A new TV series running on Netflix is on track to be the streaming service’s biggest first-season original series ever, although some of that may be attributable to how Netflix is counting its viewers these days.
Variety reports that Netflix is saying “The Witcher,” which premiered Dec. 20, was selected to be viewed by 76 million customer households in its first four weeks of release.
“That would appear to mean that some 46% of Netflix’s subscribers as of the end of 2019 watched ‘The Witcher’ over that time span,” Variety reports. “But there’s a caveat with the household viewer number (which isn’t verifiable independently): Netflix changed the definition of what constitutes a viewer. Now, according to the company, it’s measuring accounts that ‘chose to watch and did watch for at least 2 minutes — long enough to indicate the choice was intentional.’ Previously, Netflix reported viewing figures based on the number of accounts that had viewed a TV episode or movie to at least 70% completion.”
The report cites Netflix’s Q4 2019 shareholder letter saying that with the new methodology — which according to the streamer is similar to how YouTube tracks view counts, how BBC iPlayer reports rankings, and how The New York Times ranks its website’s most popular articles — “short and long titles are treated equally, leveling the playing field for all types of our content including interactive content, which has no fixed length.”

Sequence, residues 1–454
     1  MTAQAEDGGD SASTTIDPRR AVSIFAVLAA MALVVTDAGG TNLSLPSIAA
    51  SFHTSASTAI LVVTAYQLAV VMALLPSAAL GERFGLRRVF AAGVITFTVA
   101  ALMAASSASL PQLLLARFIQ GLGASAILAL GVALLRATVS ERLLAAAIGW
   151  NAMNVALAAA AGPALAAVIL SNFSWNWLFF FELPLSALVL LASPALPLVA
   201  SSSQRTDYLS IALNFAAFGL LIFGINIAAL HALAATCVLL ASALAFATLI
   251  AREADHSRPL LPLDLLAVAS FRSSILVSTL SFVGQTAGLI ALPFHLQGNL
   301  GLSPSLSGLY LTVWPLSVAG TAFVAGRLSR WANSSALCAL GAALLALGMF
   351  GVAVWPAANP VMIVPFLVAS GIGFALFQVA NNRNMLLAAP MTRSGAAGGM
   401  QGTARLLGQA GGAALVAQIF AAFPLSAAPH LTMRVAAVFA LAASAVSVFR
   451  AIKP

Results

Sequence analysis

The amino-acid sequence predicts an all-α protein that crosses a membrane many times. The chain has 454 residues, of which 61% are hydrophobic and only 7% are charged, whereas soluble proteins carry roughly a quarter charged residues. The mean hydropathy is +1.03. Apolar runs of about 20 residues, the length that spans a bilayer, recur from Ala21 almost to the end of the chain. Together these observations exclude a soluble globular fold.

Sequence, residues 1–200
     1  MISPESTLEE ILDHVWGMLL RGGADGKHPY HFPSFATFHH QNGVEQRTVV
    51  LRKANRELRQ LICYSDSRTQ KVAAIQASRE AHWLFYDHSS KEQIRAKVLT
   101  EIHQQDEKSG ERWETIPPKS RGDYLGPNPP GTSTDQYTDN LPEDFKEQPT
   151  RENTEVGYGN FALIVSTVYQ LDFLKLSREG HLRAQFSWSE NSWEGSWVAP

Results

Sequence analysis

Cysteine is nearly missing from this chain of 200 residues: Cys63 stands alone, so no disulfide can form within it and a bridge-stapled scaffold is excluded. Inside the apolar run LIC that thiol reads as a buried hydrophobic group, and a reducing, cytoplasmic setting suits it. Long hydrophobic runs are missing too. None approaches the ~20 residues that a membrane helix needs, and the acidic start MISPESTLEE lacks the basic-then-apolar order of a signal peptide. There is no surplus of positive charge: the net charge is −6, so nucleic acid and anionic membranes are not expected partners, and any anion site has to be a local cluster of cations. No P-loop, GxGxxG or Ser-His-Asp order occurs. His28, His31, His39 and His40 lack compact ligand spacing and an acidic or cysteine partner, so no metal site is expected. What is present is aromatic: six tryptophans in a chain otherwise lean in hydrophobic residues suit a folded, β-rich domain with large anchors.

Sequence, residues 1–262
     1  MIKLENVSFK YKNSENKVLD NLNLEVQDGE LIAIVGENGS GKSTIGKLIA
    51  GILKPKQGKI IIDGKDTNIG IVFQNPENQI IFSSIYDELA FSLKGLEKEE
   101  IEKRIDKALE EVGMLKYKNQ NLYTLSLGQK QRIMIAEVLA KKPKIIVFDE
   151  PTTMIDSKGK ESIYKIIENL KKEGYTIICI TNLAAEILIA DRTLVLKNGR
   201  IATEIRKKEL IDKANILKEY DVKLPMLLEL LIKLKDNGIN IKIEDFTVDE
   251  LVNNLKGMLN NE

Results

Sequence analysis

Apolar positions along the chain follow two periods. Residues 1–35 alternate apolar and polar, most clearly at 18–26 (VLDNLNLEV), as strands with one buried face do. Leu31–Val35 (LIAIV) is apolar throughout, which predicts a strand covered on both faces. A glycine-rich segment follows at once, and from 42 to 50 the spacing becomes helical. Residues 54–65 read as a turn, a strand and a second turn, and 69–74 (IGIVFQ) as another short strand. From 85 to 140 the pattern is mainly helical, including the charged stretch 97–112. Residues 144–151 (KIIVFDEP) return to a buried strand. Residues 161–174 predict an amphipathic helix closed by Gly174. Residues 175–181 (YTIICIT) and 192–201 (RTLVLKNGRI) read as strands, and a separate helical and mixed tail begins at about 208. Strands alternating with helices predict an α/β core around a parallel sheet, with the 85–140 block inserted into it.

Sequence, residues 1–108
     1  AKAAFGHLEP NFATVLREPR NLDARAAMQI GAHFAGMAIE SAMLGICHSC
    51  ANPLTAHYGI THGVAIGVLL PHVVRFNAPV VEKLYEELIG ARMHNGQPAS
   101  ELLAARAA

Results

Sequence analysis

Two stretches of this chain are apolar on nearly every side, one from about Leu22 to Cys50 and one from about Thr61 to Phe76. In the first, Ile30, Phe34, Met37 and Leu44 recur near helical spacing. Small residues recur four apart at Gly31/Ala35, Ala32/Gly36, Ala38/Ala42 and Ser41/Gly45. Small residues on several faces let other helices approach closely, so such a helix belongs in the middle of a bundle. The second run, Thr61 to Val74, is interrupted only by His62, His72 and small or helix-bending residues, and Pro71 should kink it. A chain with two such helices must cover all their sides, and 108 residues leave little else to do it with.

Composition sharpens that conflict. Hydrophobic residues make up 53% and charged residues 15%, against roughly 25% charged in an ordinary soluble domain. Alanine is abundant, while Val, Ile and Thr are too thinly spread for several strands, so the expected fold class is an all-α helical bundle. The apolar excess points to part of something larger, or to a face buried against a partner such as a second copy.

Variety adds: “The number of households counted under the new 2-minute-minimum metric is about 35% higher on average than the prior metric, per Netflix. So the new metric includes every Netflix user who was curious enough to watch a few minutes of a title — but may have given up watching shortly afterward. In short, Netflix’s new methodology even further obscures what could be considered the actual audience for a given TV show or movie.”